Parliament is the most legitimate institution reflecting the will of the people. The CAA was passed with an absolute majority. What will a majority government do if not bring policies which were part of its manifesto? The parties supporting the anti-CAA protests need to test their belief against the popular will. The AAP government in Delhi should campaign on its anti-CAA stand, as should the RJD in Bihar and Congress in UP.

A misinformation campaign is being undertaken to make Indian Muslims fearful of the new Act. Why should the second-largest Muslim population in the world be threatened by an attempt to grant citizenship to a few lakh persecuted minorities in a fraternal democracy? No one is deporting Indian citizens; no one can deport an Indian citizen. Every right-minded citizen should spread facts, not fiction, about the CAA.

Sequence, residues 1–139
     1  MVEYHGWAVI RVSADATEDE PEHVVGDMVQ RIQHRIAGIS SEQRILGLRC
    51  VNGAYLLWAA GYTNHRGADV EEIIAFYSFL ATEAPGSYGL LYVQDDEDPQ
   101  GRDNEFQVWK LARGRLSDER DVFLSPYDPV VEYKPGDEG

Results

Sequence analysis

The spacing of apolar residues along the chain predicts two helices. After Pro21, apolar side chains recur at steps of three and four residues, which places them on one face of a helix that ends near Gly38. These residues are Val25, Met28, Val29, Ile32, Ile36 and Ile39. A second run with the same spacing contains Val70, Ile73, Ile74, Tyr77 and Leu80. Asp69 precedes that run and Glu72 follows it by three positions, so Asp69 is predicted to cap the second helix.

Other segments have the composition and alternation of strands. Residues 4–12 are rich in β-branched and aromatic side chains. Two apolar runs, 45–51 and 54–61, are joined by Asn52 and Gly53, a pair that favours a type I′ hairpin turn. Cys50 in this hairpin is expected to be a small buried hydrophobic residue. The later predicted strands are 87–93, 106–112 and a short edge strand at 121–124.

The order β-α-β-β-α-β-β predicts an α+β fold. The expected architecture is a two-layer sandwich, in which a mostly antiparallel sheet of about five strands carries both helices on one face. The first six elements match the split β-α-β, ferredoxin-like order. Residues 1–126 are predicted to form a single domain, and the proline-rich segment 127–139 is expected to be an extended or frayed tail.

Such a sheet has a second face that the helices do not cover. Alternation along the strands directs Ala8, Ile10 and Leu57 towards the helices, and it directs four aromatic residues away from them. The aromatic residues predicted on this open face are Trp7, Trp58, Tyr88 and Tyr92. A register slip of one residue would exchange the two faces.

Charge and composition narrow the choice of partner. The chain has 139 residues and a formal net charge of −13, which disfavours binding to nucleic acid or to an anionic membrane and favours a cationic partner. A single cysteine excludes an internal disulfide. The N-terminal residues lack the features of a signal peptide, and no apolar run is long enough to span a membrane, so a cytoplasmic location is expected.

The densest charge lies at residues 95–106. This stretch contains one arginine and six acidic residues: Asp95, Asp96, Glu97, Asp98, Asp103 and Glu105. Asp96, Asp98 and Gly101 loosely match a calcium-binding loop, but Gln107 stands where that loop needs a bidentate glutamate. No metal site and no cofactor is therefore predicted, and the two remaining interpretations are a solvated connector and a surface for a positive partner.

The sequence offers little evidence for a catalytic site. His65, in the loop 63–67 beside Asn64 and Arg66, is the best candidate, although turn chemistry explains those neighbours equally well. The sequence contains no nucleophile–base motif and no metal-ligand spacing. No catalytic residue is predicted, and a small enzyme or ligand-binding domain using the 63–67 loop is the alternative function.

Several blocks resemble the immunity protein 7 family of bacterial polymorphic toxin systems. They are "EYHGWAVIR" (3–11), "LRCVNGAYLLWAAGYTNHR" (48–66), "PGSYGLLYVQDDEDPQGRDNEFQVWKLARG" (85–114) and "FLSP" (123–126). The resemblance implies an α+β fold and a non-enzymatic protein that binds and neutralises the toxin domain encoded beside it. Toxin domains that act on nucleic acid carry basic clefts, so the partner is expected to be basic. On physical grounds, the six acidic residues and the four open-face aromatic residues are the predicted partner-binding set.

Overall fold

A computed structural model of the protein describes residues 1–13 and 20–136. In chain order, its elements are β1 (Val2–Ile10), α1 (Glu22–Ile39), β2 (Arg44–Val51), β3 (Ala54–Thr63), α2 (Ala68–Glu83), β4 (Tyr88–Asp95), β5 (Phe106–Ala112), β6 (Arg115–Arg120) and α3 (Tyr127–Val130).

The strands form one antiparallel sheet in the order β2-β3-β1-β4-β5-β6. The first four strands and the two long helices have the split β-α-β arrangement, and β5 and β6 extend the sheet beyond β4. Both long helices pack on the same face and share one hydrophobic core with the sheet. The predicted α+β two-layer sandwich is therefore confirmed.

This article first appeared in the December 20 print edition titled ‘A moral law’. The writer is founder, Jan Ki Baat and hosts Lalkaar on Republic Bharat